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Sharing Solr indexes in read/write mode

With all of the benefits of allowing multiple websites to write to a single Solr instance, there are some inherent areas of concern in doing so. Potential problems can include accidental Solr index pollution (such as a development website writing to a production index) and accidental deletion when trying to remove a non-production index.

However, the following methods can help you share Solr indexes safely, which can ensure that your website is able to service users:

  • Consider using read-only mode
    Ensure that your application actually needs to write to a Solr index; in some cases, reading is sufficient. For example, if your development and production websites have the same content, you can use the production index in read-only mode for search.
  • Ensure correct implementation of Solr hashes
    Solr-related Drupal modules (including Apache Solr Multisite Search and recent versions of Search API Solr Search) should tag all indexed items with a unique string ID called a hash. This hash value should be unique to each website that writes to the same Solr index, allowing you to logically share a single Solr index across websites. All queries, indexing, and delete operations are limited to items that have this hash value. As a result, problems can occur when moving a Drupal database. Hash values are created when the module is installed, and are stored as configuration data in Drupal’s database. Moving a database to another environment can include configuration data (and by extension, the hash values). To resolve this, we recommend that you override the hash value in code. To review your hash values, examine the following items:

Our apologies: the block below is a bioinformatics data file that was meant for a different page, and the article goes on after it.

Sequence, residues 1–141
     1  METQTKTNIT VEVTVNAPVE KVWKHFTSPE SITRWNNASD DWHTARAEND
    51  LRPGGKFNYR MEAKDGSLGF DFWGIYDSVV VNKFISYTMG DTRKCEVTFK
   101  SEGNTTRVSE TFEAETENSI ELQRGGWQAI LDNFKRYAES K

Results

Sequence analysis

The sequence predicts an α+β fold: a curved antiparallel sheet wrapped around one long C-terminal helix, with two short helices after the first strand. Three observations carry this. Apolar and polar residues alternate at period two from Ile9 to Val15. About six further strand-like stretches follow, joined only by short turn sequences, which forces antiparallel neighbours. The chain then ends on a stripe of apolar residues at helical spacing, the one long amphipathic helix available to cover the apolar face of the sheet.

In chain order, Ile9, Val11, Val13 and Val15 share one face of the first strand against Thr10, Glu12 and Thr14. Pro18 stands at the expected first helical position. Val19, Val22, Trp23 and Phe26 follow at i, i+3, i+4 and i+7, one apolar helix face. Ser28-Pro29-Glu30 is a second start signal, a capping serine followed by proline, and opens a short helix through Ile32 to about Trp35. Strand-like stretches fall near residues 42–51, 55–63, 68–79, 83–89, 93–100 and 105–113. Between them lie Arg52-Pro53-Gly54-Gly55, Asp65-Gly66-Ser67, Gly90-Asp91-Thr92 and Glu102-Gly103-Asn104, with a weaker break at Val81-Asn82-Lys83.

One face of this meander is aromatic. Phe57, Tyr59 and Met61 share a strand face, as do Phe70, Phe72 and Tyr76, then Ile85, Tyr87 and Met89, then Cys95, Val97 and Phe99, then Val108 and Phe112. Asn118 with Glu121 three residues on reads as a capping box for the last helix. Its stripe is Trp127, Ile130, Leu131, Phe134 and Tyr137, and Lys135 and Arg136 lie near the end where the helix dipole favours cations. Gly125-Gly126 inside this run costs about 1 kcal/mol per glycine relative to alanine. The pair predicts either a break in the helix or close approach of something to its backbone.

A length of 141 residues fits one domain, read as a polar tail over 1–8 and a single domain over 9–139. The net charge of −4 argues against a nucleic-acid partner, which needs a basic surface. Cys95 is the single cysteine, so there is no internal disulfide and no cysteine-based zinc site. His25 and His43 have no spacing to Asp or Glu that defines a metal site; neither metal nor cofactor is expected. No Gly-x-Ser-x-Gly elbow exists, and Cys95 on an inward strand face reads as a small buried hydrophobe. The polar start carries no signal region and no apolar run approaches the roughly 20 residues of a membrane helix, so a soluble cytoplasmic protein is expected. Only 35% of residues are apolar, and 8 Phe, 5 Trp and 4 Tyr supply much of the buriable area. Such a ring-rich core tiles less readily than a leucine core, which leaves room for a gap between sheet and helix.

• Use tools to understand your index
    Tools such as Solr Devel (for Drupal 7) enable you to both examine outgoing queries and understand the data in your index. For information about using Solr Devel, see Using Solr Devel module to debug indexing and queries.
  • Be prepared to delete data and reindex
    If a single Solr index is polluted with data from unintended sources, it can be difficult to fix. This is because Drupal keeps tracking information about what it thinks it has already indexed in the database, separate from the actual Solr data. To recover from this issue, and to help prevent future pollution, complete the following steps:
    1. Ensure that you close any connections from unwanted websites writing to the target Solr index.
    2. Completely wipe data from the target Solr index.
    3. Reindex all of the data that needs to be written to this Solr index.